Dentists warn against the drinking of fruit juice and squash, but what are the alternatives?

Share This Post

On Saturday night I was on a plane winging me back to the UK from Kenya where I’ve been for the last week. I was perusing the in-flight magazine and came across an ‘advertising promotion’ for a company making soft and ‘sports’ drinks. The promotion featured some Q and A’s with a UK GP on matters such as hydration and caffeine. There was also a question about the effect of sugar on dental health. I’m embarrassed to say I don’t remember the precise question and answer (fatigue, I suspect, has something to do with this). What I do remember is thinking that when thinking about the effects of sugar, we need to think beyond any damage it can do to the teeth.

I suspect this thought was at the forefront of my mind as earlier that day I had been reading a story on BBC News about the potentially corrosive effects of fruit juices and squashes on the teeth. The story drew our attention not only to the fact that sugar can lead to dental decay, but that the acidic nature of these beverages can lead to erosion of tooth enamel. Again, when I was reading this, I was thinking about focusing on dental health only tells part of the story about why fruit juices and soft drinks should be, generally speaking, avoided by those that value their health and wellbeing.

For instance, fruit juice consumption has been linked with enhanced risk of weight gain in children, and so has (obviously) the drinking of soft drinks.

The effects of fruit juices and soft drinks in the mouth and deeper within the body mean that I don’t generally recommend them for children (or adults for that matter). So what should we be recommending that our children drink? Well, perhaps as expected, the BBC News article concludes by promoting milk and states that: milk in the diet helps the formation of strong teeth and bones.

But do these ‘facts’ stack up? The role that calcium and dairy products play in bone-building was reviewed most recently in the journal Pediatrics [1]. Of 37 relevant studies 27 found no relationship between dietary calcium or dairy product intake and measures of bone health. Of the remaining studies, any apparent benefit was small.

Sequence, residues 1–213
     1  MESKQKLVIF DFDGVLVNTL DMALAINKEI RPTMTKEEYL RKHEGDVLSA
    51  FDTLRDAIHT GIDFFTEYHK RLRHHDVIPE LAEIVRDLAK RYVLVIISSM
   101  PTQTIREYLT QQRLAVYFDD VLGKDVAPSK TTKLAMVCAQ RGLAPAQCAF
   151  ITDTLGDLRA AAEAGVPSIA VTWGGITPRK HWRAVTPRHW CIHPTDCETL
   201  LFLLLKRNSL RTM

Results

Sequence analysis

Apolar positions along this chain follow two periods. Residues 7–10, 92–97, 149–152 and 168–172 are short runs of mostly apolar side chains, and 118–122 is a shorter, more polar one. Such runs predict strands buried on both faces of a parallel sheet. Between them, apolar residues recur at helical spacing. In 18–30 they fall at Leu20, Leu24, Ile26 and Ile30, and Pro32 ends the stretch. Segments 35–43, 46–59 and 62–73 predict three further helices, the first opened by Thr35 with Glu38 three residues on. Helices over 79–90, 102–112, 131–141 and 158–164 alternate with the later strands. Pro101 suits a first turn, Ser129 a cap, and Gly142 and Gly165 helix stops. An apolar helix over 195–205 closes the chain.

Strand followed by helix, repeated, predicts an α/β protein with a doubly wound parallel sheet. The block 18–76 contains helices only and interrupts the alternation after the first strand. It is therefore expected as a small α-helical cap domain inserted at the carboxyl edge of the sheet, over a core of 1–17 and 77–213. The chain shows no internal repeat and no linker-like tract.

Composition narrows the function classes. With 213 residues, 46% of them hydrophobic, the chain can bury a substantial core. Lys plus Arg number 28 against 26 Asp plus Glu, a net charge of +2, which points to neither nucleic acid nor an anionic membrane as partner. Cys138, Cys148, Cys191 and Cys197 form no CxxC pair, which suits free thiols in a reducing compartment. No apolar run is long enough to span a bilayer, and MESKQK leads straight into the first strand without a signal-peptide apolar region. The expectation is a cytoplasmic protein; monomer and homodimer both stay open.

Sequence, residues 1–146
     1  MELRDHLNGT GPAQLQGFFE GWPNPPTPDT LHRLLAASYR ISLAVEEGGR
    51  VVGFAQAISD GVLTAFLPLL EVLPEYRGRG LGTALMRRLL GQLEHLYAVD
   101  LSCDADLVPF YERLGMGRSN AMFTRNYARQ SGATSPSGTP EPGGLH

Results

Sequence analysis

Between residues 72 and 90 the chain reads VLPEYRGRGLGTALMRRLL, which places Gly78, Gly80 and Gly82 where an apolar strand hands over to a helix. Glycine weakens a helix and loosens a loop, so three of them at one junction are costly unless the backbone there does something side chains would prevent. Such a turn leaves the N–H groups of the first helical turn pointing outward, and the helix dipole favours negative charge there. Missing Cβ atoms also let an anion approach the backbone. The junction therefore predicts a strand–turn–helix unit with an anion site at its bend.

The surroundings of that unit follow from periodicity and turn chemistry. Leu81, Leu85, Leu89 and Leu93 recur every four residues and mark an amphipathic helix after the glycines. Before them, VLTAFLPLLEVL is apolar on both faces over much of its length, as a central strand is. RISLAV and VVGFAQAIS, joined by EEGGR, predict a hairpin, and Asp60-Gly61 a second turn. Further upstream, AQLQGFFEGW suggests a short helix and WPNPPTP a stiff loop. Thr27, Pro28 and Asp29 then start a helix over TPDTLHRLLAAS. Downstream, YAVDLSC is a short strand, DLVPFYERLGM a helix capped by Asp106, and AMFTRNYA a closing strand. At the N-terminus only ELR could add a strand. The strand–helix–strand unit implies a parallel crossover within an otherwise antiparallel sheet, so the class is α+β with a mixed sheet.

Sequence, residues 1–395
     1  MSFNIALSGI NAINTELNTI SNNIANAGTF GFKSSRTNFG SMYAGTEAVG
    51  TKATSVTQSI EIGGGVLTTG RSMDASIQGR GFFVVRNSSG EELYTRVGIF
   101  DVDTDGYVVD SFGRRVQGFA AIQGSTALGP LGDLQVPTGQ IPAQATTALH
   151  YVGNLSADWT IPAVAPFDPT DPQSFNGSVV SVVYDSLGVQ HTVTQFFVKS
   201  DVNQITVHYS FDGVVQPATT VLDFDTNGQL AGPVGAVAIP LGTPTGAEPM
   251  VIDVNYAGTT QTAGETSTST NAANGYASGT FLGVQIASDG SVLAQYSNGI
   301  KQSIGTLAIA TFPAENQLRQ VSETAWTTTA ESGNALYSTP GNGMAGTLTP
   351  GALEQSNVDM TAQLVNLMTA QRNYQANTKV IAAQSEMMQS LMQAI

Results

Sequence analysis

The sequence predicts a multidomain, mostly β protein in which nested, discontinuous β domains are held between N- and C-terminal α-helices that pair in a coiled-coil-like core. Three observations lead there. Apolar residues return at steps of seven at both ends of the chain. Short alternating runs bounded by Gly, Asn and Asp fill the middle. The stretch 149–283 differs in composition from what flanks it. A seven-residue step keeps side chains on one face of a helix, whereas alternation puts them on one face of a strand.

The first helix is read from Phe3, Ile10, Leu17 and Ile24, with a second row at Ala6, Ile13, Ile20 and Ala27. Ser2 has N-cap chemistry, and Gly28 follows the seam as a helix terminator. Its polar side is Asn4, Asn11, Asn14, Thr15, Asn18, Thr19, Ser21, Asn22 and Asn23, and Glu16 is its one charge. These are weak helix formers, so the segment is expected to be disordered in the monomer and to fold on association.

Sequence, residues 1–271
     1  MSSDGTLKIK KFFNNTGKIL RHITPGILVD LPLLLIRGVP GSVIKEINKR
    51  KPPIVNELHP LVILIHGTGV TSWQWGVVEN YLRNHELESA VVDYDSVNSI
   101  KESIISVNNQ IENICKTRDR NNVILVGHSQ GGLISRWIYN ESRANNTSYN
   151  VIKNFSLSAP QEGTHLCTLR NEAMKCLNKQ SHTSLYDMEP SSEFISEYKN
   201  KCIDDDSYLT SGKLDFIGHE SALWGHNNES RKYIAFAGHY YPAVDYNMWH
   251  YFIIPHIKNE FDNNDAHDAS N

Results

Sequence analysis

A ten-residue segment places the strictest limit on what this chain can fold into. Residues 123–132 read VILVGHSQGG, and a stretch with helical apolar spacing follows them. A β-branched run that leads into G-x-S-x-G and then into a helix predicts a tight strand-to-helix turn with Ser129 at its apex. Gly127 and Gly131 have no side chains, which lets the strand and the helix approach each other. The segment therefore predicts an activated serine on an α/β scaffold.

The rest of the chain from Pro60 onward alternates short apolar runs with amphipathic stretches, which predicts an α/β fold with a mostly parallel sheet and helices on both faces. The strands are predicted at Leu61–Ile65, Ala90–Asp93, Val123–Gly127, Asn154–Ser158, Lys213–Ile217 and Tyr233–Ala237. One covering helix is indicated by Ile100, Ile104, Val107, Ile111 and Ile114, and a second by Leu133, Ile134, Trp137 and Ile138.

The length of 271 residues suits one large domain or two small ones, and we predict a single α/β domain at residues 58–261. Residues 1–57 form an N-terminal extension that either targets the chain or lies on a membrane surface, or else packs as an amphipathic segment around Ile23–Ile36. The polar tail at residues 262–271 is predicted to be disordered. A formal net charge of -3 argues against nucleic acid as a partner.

Further evidence for the limited role of dairy products in building bone has come from a study published in the British Medical Journal which amassed evidence from 19 studies in the effects of calcium supplementation in children ranging from 3-18 years in age [2]. This mass of evidence found that calcium supplementation had no effect on bone density in the hip or spine, and very marginal benefits for bone density in the arm.

And what of the effects of milk on teeth? I’m open to the idea that drinking milk is likely to be better for teeth than soft drinks and fruit juices, but I wonder how important it is for healthy dentition. Archaeological remains show that up to about 10,000 years ago, human dental health was generally good (dental problems emerged, it seemed, with the addition of grains to the diet). It is believed that it was only until about 5000 years ago that we started to consume dairy products. This date may be a little out. But even if it is wrong by a few thousand years, the fact remains that for the vast majority of our time on this planet we managed to build strong teeth (and bones for that matter) without the need to consume dairy products from other animals. This basic fact causes me to have grave concerns about the supposed importance of milk in dental health.

I quite often hear from parents that their children ‘refuse’ to drink water. So they often end up giving them fruit juice, squash or whatever instead. What this means is child is now dictating what they drink. I’m a liberal at heart (honest) but this does not extend to letting children determine what they put into their mouths every day. So, if you’d like your child to drink more water, my advice is not to offer alternative or even have them in the home.

This may seem like a hard line and might get some resistance for a day or three, but the long terms benefits in terms of health are usually worthwhile. This approach if applied more globally generally helps meal times go much more smoothly, once a child realises he or she cannot influence the food they are given through refusal, tears or tantrums.


1. Lanou AJ, et al. Calcium, dairy products, and bone health in children and young adults: a reevaluation of the evidence. Pediatrics. 2005;115(3):736-43

2. Winzenberg T, et al. Effects of calcium supplementation on bone density in healthy children: meta-analysis of randomised controlled trials. BMJ 2006;333:775-778

More To Explore

Walking versus running

I recently read an interesting editorial in the Journal of American College of Cardiology about the relative benefits of walking and running [1]. The editorial

We uses cookies to improve your experience.